WA State Moves to Regulate Marijuana -- What You Need to Know About the Groundbreaking Reform
Photo Credit: SHUTTERSTOCK.COM
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Voters approved the marijuana legalization initiative I-502 in Washington state last November, and it is now legal to possess up to an ounce of marijuana, but a full-blown marijuana commerce industry doesn't just happen overnight. The state is still months away from having a functioning system of state-taxed and -regulated marijuana cultivators, processors, and retailers, but the process is well underway, and by most accounts, it is going relatively smoothly.
Last month, the Washington Liquor Control Board (LCB), the state agency charged with setting up the state's marijuana industry, issued its initial draft rules. It took written comments on the initial draft rules through Monday and will issue revised draft rules later this month. The LCB will hold public hearings on the rules for all three envisaged licenses -- grower, processor, and retailer -- in late July, promulgate final rules in August, begin accepting license applications in September, and begin issuing licenses in December.
From then, it is still likely to be months before the first legal marijuana is sold in Washington because only once growers are licensed will legal marijuana destined for retail sale be in the pipeline. It takes a minimum of three months to bring an indoor crop to harvest. But by sometime next spring, consumers should be able to go to their local pot shop and make their selections.
"These initial rules balance our goal of developing a tightly regulated system with reasonable access for small and large business models to participate within the system," said Board Chair Sharon Foster. "They are based upon hundreds of hours of internal research and deliberation, consultation with multiple industry experts and input from the over 3,000 individuals who attended our forums statewide."
The initial draft rules reflect the Board's stated goal of developing a tightly regulated and controlled recreational marijuana market. Included in the rules are elements that address out-of-state diversion of product, traceability of product from start to sale, youth access and other public and consumer safety concerns.
Here are some of the key elements in the initial draft rules:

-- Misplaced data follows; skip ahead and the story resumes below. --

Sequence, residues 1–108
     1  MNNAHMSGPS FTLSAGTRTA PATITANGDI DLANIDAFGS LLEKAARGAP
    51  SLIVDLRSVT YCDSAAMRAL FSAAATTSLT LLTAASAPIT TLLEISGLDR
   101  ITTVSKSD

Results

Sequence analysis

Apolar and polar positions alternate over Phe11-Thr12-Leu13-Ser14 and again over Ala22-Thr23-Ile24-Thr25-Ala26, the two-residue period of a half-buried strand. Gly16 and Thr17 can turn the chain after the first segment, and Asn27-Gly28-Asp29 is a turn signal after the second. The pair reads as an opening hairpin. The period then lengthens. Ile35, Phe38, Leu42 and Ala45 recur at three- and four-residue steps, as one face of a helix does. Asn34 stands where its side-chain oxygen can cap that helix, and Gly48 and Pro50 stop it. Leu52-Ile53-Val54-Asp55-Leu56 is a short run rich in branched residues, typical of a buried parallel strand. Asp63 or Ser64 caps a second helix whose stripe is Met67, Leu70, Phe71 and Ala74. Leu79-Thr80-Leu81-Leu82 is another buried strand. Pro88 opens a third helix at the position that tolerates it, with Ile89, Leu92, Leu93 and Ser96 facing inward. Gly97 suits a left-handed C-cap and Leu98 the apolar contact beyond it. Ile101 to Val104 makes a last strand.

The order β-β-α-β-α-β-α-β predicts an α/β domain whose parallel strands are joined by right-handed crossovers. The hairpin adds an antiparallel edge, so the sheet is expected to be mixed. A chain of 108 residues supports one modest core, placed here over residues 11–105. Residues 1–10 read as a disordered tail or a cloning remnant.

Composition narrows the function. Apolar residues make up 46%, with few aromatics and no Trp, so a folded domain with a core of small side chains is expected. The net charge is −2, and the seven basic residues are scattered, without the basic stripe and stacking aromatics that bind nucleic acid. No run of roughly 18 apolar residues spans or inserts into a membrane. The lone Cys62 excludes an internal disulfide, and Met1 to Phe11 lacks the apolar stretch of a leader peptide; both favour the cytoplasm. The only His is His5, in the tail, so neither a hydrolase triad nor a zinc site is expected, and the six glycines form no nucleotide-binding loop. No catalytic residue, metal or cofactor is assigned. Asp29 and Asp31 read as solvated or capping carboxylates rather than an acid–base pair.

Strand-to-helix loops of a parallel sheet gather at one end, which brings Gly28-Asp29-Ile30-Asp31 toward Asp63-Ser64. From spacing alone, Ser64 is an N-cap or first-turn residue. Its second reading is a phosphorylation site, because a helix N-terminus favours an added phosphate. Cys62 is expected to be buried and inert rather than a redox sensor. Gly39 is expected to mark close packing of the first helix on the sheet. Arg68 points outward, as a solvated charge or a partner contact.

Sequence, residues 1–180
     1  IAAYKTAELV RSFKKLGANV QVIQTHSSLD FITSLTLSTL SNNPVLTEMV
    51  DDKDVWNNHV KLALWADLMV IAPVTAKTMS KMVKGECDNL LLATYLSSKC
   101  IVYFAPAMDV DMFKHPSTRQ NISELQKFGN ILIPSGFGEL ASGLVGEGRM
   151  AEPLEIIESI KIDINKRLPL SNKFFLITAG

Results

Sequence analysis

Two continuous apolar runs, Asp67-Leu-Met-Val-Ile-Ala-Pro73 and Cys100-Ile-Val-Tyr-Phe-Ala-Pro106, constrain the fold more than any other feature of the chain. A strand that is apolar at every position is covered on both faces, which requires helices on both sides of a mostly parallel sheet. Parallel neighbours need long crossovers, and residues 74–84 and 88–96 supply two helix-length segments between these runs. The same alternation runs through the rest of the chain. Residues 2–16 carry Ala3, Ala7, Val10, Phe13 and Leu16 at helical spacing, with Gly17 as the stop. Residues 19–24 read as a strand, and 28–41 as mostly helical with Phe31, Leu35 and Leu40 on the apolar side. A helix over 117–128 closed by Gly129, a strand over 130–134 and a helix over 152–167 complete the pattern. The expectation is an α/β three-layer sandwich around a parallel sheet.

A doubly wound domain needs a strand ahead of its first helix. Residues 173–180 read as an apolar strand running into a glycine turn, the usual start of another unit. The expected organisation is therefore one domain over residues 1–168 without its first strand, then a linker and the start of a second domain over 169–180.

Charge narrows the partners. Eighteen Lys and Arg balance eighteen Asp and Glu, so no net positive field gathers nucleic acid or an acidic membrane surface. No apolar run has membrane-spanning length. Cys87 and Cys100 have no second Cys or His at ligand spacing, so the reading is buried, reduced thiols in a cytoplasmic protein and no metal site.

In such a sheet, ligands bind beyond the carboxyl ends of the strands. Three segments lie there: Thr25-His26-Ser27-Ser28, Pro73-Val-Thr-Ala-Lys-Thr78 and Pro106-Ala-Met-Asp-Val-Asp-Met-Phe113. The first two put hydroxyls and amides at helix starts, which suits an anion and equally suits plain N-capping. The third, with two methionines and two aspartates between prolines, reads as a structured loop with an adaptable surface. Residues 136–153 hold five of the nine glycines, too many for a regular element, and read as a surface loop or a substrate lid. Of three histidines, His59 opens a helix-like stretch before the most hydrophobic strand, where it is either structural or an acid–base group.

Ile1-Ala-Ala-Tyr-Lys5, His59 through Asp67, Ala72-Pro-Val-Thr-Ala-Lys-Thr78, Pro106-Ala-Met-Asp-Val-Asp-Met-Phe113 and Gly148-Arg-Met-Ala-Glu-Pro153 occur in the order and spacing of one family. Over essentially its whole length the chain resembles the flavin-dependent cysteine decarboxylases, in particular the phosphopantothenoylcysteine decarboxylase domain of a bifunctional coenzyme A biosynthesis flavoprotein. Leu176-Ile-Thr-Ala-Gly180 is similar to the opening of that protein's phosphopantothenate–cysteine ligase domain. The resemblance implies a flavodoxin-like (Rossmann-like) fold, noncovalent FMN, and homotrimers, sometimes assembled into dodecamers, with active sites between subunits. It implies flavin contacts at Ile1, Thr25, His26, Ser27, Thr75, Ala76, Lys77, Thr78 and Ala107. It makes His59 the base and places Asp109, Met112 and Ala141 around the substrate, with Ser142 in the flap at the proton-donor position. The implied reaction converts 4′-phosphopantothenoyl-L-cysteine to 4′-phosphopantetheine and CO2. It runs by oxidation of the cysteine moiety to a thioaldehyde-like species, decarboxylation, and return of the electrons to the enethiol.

- Application Window -- The application window would open for 30 days for all license types and be extended or reopened at the Board's discretion. This approach was similar to how Colorado opened its medical marijuana system.
- Background Checks -- License applicants and financiers would be required to submit a form attesting to their criminal history, provide fingerprints, and allow criminal background checks.
- Point System -- The WSLCB would employ a disqualifying criminal history point system similar to liquor. An exception would be allowed for two misdemeanor convictions of possession within three years.
- Producer Structures -- Producer operations would be allowed in both secure indoor grows or greenhouses.
- Traceability -- A robust and comprehensive traceability software system will trace product from start to sale.
- Violation Guidelines -- In addition to the $1,000 fine for certain violations established by I-502, the initial draft rules also include a strict tiered system of violation penalties over a three year period (similar to the current standard penalty guidelines for liquor).
- Security -- The rules direct strict on-site surveillance systems similar to Colorado's current system.
- Advertising Restrictions -- I-502 restricts advertising within 1,000 feet of schools, public parks, transit centers, arcades, and other areas where children are present. The draft rules further restrict advertising as they pertain to children.
- Behind the Counter Storage -- No open containers allowed.
- Package and Label Requirements -- Consumers will know contents and potency of products they purchase.
- Defined Serving Size -- Serving sizes equal 10 mg of THC. Products are limited to 100 mg.
- Lab Tested -- Uniform testing standards by independent accredited labs.
With the release of the initial draft rules, the period for written comment opened up. One of the first analyses -- not a formal comment -- came from the Henry Wykowski law firm, a San Francisco marijuana law practice that recently opened a Seattle office. Drafted by Wykowski attorney Rachel Kurtz, a longtime player in the Seattle marijuana reform scene, the analysis shined a light on some of what could be described as the rules' downsides.